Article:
Posted by: hobbesonafob | November 7, 2009

Another Paradigm Shattered – The Politics of Refugee Camps

Another week of grad school completed and another outlook has been changed. For those whose knowledge on refugee camps exceed mine, this post will be banal. For those who never really thought about refugee camps, this posting may spur further interest.

I finished reading Sarah Kenyon Lischer‘s 2003 article in International Security “Collateral Damage: Humanitarian Assistance as a Cause of Conflict,” and came to the conclusion that my conceptualization of refugee camps was incredibly inaccurate. Apparently, I have always ascribed refugee camps with the following characteristics: static and powerless. Instead, I should have attributed the following attributes to refugee camps: dynamic and powerful.

Dr. Lischer’s article reveals to the reader how refugee camps can become political arenas. The the nature of these dynamics are attributed to what kind of refugees are in the camp and how the host state (the state the refugees went/fled to) interacts with the refugees. Lischer divided refugees into 3 categories:

  1. Situational Refugees: Their reasons for leaving their home state are apolitical (i.e. they were not targeted for political reasons). Reason include war, chaos, deprivation, and natural disasters. These refugees usually have very loose initial political organization, which, in turn, means that they have a low propensity to use humanitarian aid for war.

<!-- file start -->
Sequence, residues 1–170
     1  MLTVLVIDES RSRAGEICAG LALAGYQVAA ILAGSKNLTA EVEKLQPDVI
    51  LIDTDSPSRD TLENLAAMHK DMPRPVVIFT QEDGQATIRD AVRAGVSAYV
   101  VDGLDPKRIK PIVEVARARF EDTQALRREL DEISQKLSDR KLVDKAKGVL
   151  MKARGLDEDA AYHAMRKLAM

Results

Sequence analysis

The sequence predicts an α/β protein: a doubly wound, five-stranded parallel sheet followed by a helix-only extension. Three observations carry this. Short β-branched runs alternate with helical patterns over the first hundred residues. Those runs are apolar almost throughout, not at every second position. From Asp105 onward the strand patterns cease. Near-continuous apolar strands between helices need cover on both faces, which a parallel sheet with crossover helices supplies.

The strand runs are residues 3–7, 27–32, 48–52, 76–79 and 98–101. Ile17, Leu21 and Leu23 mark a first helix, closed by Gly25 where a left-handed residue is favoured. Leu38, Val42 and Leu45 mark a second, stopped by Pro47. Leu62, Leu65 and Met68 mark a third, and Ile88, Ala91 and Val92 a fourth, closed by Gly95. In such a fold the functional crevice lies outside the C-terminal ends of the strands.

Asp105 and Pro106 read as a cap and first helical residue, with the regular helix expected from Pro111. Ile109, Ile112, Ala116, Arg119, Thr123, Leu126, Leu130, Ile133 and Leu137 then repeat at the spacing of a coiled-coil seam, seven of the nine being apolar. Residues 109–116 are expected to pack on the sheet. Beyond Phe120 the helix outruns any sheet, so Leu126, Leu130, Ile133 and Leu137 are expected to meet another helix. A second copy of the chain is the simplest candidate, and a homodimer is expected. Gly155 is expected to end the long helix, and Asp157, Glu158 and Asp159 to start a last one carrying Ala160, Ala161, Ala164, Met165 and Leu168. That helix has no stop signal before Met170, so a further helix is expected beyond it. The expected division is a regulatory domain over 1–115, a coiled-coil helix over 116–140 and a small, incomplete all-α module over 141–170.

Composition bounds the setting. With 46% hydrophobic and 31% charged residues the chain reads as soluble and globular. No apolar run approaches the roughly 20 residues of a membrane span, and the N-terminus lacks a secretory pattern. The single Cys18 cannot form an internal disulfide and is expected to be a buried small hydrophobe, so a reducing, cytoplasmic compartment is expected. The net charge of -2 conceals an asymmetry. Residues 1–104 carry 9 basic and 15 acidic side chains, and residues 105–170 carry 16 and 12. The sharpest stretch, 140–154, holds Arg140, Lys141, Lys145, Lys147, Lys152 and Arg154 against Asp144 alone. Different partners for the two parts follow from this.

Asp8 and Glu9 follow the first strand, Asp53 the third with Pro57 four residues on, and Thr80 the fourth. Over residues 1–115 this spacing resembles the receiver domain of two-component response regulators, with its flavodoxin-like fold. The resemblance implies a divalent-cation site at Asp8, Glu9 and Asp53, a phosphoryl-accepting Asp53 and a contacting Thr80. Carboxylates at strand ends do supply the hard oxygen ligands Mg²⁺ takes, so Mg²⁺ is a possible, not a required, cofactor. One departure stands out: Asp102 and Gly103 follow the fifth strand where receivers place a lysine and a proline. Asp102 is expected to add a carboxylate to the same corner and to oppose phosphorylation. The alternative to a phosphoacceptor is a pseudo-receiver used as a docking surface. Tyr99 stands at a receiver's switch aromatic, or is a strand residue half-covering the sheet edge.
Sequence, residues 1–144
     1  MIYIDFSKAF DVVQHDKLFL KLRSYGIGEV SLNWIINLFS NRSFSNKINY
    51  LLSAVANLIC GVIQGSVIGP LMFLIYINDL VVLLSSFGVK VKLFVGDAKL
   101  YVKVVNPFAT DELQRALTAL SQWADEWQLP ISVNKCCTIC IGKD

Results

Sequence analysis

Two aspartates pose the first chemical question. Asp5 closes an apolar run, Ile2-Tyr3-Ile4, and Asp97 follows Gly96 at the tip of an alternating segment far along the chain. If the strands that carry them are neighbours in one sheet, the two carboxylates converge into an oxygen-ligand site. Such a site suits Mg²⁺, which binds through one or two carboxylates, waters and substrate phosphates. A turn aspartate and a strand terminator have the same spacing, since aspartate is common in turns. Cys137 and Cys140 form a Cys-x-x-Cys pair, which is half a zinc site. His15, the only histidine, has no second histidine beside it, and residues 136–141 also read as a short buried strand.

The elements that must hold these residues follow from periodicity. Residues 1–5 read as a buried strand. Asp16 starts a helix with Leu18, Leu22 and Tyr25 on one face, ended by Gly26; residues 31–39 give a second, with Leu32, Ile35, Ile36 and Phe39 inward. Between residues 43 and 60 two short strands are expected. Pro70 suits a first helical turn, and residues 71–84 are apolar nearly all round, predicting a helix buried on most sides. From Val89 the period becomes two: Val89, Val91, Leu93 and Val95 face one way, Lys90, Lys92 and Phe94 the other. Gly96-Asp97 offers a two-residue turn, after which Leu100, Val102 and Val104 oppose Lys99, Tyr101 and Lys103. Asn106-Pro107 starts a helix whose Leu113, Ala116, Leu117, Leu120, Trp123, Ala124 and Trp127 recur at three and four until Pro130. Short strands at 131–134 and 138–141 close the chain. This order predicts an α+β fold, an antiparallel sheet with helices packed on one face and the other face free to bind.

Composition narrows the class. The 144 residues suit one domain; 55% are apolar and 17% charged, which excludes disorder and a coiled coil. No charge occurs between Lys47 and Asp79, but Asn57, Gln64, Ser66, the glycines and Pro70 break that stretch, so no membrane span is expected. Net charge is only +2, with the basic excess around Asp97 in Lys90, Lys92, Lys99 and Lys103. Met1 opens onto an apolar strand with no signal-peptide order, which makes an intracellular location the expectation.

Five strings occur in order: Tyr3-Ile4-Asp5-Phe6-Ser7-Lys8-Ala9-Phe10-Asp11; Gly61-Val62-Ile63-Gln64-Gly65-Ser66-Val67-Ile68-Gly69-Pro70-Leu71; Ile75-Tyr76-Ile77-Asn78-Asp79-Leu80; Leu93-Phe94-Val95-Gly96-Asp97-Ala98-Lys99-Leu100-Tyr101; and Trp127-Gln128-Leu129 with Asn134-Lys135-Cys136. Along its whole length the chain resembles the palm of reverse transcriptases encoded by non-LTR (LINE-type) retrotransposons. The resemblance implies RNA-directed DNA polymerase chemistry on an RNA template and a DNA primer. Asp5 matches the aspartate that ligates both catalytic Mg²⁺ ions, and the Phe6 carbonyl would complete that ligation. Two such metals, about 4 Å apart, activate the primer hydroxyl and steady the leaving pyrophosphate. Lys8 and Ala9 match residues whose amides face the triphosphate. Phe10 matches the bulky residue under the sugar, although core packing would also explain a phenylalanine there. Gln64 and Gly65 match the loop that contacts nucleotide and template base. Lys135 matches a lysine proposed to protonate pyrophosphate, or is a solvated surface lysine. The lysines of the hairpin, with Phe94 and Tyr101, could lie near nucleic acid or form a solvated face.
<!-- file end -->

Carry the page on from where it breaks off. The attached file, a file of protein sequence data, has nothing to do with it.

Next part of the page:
2. Persecuted Refugees: This type of refugee has left their home state because of persecution by another group. Their initial political organization is weak, although it may grow. Their propensity to use humanitarian aid for war is higher than the situational refugees.
  3. State-in-exile Refugees: These refugees usually experience defeat in civil war, will only return to their home state if they become the new government or win a military victory, and their initial political organization is usually strong. Their propensity to use humanitarian aid for war is likely.

After reading Lischer’s article, my perception of refugee camps changed and I now see refugee camps as potential political arenas. The more politically organized groups may use refugee camps to provide for its supporters, as a pool to recruit members from, or even as a venue for conducting organized crime.

An example of political groups utilizing refugee camps occurred during the Rwanda crisis in 1994. Lischer writes of aid workers that were unaware of the genocide and saw some of the Hutus who engaged in genocidal actions as the victims because the Hutus were able to wage a successful propaganda campaign. According to one American engineer who was in Goma, Zaire:

“I went to Goma and worked there for three solid months. But it was only later, when I finally went to Rwanda on a break, that I found out about the genocide, and realized, ‘Hey, I’ve been busting my butt for a bunch of ax murderers!”

I think, for me, that politics can occur in any situation that requires the organization and utilization of resources. Those who can best acquire these resources, whether it be humanitarian aid or weapons, have the ability to become politically relevant. It seems that refugee camps now fit this description.

 

 

 

Aid in refugee camps can be used to support organizations engaged in political violence

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